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Optical Yagi-Uda Nanoantennas

April 25, 2012

Light is an electromagnetic wave, just like radio, so it should be possible to scale radio antenna designs to function for light. The critical dimensions in antennas need to be about the same as the wavelength of the electromagnetic radiation. That's why AM radio towers, which transmit frequencies of about a megahertz, are more than a hundred meters high; and the Wi-Fi antenna on your wireless router (2.45 GHz) is just a few inches long.

Since visible light has a wavelength of about 500 nanometers, optical antennas have only become possible with the advent of routine fabrication of nanoscale structures. I wrote about optical antennas in the context of solar energy conversion in a previous article (Optical Antennas, June 13, 2011).

The Yagi-Uda antenna has been a popular antenna type for more than eighty years. Its main advantage is that it's directional and offers gain over the isotropic; that is, it concentrates its electromagnetic energy in one direction for a transmitter. For a receiver, it enhances sensitivity in one direction, while at the same time rejecting noise away from that direction. This antenna concept was published in Japanese by Shintaro Uda and Hidetsugu Yagi, but it was called a Yagi antenna in the West, since Yagi published descriptions in English.

Figure captionThis Yagi-Uda antenna sits atop the roof of my house.

It was part of a my daughter's 1998 science fair project.

The antenna is a Winegard HD6065P High Definition FM Antenna.

(FM Radio Detection of Meteors Web Site).

As shown in the photograph, above, the construction of such antennas is very simple. The principle of operation is related to the concept of phase interference. The reflector element (see schematic) is spaced a quarter of a wavelength from the driven element, which leads to constructive interference for waves in the plane of the elements and a lesser signal at other angles. The director elements likewise re-radiate energy they receive in a way that enhances the signal of the driven element in the forward direction and diminishes the radiation in other directions.

Schematic diagram of a Yagi-Uda antennaSchematic diagram of a Yagi-Uda antenna.

(Illustration by author, rendered using Inkscape).

Yagi patented the concept in 1932,[1] although his patent may seem strange to radio engineers of today. Yagi showed his directional antenna concept in an array of vertical elements on the ground. This Yagi architecture might be worthwhile resurrecting in an optical analog.

A team of scientists from the Nonlinear Physics Centre and the Centre for Ultrahigh Bandwidth Devices for Optical Systems (CUDOS) of the Research School of Physics and Engineering, the Australian National University (Canberra, Australia) has just published a preprint of a very thorough review article of the current and potential uses of optical Yagi-Uda antennas.[2] A representative optical nanoantenna is shown in the following figure.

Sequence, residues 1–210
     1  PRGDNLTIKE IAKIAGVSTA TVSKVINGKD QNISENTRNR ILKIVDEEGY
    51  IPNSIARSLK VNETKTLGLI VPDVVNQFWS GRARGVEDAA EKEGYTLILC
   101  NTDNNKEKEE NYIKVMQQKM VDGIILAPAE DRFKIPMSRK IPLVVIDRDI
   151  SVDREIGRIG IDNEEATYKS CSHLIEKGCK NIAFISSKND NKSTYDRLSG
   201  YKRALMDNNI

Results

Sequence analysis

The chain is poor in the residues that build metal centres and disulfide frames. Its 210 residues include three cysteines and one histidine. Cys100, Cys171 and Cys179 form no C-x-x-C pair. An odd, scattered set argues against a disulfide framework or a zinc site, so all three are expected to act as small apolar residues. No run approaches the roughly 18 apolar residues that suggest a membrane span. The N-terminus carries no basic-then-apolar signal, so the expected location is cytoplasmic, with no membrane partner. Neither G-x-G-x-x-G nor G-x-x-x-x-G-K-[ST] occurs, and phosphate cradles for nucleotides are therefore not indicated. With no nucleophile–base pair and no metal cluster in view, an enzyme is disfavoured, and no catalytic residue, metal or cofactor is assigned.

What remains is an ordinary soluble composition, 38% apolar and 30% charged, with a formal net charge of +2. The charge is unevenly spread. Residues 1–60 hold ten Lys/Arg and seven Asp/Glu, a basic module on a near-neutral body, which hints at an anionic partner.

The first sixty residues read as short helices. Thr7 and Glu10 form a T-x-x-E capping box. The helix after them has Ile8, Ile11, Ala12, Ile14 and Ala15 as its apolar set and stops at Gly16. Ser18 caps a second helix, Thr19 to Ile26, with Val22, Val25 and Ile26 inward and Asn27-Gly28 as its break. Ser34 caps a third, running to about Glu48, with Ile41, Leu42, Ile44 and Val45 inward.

Optical Yagi-Uda antennaAn optical Yagi-Uda antenna based on gold nanorods.

At a wavelength of 1550 nm, the area occupied by the nanoantenna is about 400 x 400 nm.

(Fig. 2 of ref. 2, via the arXiv Preprint Server)[2].

The Australian authors discuss and compare the physics behind electromagnetic wave propagation for radio and optical wavelengths; and they analyze the limits for application of this antenna type in the optical domain. Their paper describes some novel broadband and wavelength tunable Yagi-Uda optical nanoantennas, including arrays of such antennas. Most interesting from a practical viewpoint are the several methods of exciting the active element of such nanoantennas.

One application I found most interesting was the use of paired optical Yagi-Uda antennas to transmit an optical signal across a chip without the need for an optical waveguide, as shown in the figure. In a multichip module, this may even be a means of communicating between chips.

Optical antennas as interconnect elements
Two optical Yagi-Uda antennas can be used as a mean of transmitting optical signals across a chip, or between chips, without use of an optical waveguide. (Fig. 11 of ref. 2, via the arXiv Preprint Server).[2]

My first experience with Yagi-Uda antennas was as a high school senior. I built a radio telescope as a science fair project. Shown below is the Yagi-Uda antenna I built from copper pipes. This photograph was taken on the roof of my high school, which is now a housing complex for senior citizens. Perhaps I can get a room there, some day, in the same location as my high school homeroom. That's what they call full circle.

Yagi antenna for 1965 radio telescope. My senior high school science fair project included this Yagi-Uda antenna I built from copper piping for a radio telescope.

This photograph shows its placement on the school roof (43.100903° latitude, -75.232664° longitude).

(click for larger image).

References:

  1. Hidetsugu Yagi, "Variable Directional Electric Wave Generating Device," US Patent No. 1,860,123, May 24, 1932.
  2. Ivan S. Maksymov, Isabelle Staude, Andrey E. Miroshnichenko and Yuri S. Kivshar, "Optical Yagi-Uda nanoantennas," arXiv Preprint Server, April 2, 2012.
  3. J.D. Kraus, "Antennas," McGraw-Hill (New York, 1988).

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